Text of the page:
Weekly Review For Gold Investors – April 10th

In his weekly market review, Frank Holmes of the USFunds.com summarizes this week’s strengths, weaknesses, opportunities and threats in the gold market for gold investors. Gold closed the week at $1,208.35 up $5.75 per ounce (0.48%). Gold stocks, as measured by the NYSE Arca Gold Miners Index, lost 2.2%. The U.S. Trade-Weighted Dollar Index gained 1.95% for the week.

Gold Market Strengths

Gold rose for the first time in four days on Friday after holdings in exchange-traded products (ETPs) backed by bullion saw the largest increase in more than six weeks. Silver rose the most in a week.

March gold imports for India came in at about 125 tons versus 60 tons a year ago. Furthermore, year-to-date (YTD) imports are at about 900 tons versus 662 tons the previous year.

Gold Market Weaknesses

Federal Reserve policy minutes released this week from their most recent meeting showed officials were split last month over whether they would raise interest rates in June. Short sellers used this as an opportunity to push gold down for a third day.

Norilsk sees South African output of platinum declining in the next several years. With output already falling, however, it is troubling that there has not been a positive price response.

Armed robbers walked away with an estimated $8.5 million of gold from the refinery at McEwen Mining’s El Gallo 1 Mine in Mexico’s Sinaloa state on Tuesday. The gold was contained in an estimated 900 kilograms of gold-bearing concentrate. The company announced that while it is insured, the policy won’t be enough to cover the entire expected loss. Apparently the furnace to produce the doré bars was offline for repairs, thus causing the gold concentrate to build up. This hints at the robbery being an inside job, with someone with knowledge of the buildup likely tipping off an outsider.

 

Gold Market Opportunities

Goldman Sachs published a report warning that capex cuts could threaten future production. In response to the multiyear commodity price correction, gold miners globally have cut capex by 52 percent since year-end 2012, which Goldman forecasts will drive a 7-percent decline in production by 2018 from today’s levels.

In a new report, RBC Capital Markets analysts identify three phases gold miners have historically gone through in response to low commodity prices: rationalization, restructuring and refinancing. Their view is that we are still in the rationalization phase, when management teams think prices will recover in the near term. Given this outlook, they respond to market conditions with “temporary fixes” such as cuts to sustaining capital. However, as we move into the restructuring phase, there is an uptick in insolvencies and mergers, and in the refinancing phase, optimism ticks up and well-financed companies try to consolidate mining camps. The RBC analysts believe these latter phases are coming soon.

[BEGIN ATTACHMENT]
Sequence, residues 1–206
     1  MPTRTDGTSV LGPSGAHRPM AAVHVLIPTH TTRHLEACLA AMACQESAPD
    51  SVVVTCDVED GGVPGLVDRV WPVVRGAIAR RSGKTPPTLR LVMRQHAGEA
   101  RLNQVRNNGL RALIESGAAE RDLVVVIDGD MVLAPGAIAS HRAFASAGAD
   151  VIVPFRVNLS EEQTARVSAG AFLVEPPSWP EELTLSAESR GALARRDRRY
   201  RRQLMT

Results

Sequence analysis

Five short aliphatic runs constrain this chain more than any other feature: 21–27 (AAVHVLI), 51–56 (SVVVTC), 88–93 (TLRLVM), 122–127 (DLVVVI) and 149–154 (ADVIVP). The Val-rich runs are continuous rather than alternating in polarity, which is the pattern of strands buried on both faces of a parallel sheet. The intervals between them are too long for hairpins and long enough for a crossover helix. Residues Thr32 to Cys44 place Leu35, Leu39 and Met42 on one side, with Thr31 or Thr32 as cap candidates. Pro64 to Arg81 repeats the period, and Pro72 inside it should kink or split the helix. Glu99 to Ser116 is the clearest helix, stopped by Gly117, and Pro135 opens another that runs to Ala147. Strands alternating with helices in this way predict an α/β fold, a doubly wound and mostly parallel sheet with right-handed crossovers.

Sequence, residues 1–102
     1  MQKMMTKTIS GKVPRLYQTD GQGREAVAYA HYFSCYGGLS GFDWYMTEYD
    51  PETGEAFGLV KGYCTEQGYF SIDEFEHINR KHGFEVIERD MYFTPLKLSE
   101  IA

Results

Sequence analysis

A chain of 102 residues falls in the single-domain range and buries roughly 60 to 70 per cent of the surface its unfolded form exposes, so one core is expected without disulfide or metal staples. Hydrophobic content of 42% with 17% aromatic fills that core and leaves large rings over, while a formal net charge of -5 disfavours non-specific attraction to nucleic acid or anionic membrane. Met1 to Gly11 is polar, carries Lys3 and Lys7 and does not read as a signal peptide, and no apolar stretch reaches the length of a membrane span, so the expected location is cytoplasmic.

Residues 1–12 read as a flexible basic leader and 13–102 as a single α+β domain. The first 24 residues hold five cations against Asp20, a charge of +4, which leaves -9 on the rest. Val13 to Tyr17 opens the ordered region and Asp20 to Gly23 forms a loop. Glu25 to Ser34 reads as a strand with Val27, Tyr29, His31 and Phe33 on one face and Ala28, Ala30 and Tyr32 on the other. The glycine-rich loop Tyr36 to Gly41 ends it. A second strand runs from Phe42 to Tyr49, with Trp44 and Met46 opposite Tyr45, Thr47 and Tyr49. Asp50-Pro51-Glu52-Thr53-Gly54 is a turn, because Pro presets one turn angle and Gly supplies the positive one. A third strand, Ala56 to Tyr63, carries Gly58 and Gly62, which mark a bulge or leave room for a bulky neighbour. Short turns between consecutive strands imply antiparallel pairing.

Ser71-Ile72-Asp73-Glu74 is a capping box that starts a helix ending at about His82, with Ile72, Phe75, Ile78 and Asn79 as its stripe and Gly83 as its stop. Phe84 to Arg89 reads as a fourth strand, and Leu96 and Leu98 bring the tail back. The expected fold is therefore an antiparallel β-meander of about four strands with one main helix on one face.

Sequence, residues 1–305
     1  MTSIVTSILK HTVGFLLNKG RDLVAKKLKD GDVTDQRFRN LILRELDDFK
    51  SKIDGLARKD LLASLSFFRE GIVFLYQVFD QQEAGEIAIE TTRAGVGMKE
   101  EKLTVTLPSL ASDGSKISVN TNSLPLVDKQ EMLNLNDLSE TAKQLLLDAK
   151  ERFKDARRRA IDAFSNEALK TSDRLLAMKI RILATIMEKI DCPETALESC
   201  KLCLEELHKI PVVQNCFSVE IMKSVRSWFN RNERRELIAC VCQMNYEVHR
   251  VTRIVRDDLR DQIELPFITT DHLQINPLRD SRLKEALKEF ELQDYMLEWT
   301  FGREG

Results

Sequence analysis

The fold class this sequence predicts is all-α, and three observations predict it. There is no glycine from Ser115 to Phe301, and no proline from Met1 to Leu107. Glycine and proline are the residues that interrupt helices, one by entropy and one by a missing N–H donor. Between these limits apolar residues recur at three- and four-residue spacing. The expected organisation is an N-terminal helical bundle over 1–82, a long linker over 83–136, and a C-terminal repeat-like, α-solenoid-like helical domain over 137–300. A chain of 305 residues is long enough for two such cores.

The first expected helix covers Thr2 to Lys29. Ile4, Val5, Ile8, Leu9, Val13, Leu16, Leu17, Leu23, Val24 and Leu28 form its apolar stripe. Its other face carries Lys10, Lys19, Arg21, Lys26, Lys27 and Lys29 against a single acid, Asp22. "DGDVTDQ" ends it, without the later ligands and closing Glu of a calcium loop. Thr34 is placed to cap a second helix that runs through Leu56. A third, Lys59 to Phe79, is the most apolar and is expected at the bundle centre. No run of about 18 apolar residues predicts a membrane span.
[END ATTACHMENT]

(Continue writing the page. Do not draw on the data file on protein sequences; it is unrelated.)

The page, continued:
Bank of America/Merrill Lynch published a report in which they argue that while producers have been focused on maximizing free cash flow from operations, there is a concern that not enough attention is being paid to the declining reserves trend. The average reserve life index for the North American gold producers has plunged 23 percent from 13 years ago at year-end 2012 to 10.2 years at year-end 2014.

Company-Reserves-and-Reserve-Prices-1985_2015

This relates to a study from Scotiabank, illustrated in the chart above, that argues the decline in reserves in 2014 came about mainly because companies did not replace depletion as the gold price used for reserve analysis was flat.

Head-Grade-vs-Reserve-Grade-GOLD-1990_2015

Furthermore, looking at the grade that has been processed (head grade) versus reserve grade, companies are currently processing close to reserve grade. Over the last five years, the average head grade is within 2 percent of reserve grade. Head grade in general has been seeing a decline in values since 2001 but dropped abruptly in 2005, forcing companies to struggle to keep their operations profitable.

 

Gold Market Threats

India is the world’s biggest consumer of gold, and its ancient temples have collected billions of dollars in jewelry, bars and coins over the centuries which are hidden securely in vaults. Now the government plans to get its hands on this temple of gold, estimated at about 3,000 tons, to help tackle India’s chronic trade imbalance. Prime Minister Narendra Modi’s government is planning to launch a scheme in May that would encourage temples to deposit their gold with banks in return for interest payments. The government would melt the gold and loan it to jewelers to meet an insatiable appetite for gold and reduce economically crippling gold imports. Key to Modi’s plan will be the interest rates offered for gold deposits. If India can cut imports, that would pressure gold prices that fell to a four-month low last month before recovering.

In Greece, hundreds of supporters and opponents of Eldorado Gold’s mining operation clashed despite police efforts to separate them. Police said more than 2,000 supporters and 850 opponents were involved. The mine operation has sharply divided residents, with some fearing environmental damage and a drop in tourism. Others welcome the nearly 2,000 jobs it provides at a time of economic crisis.

 

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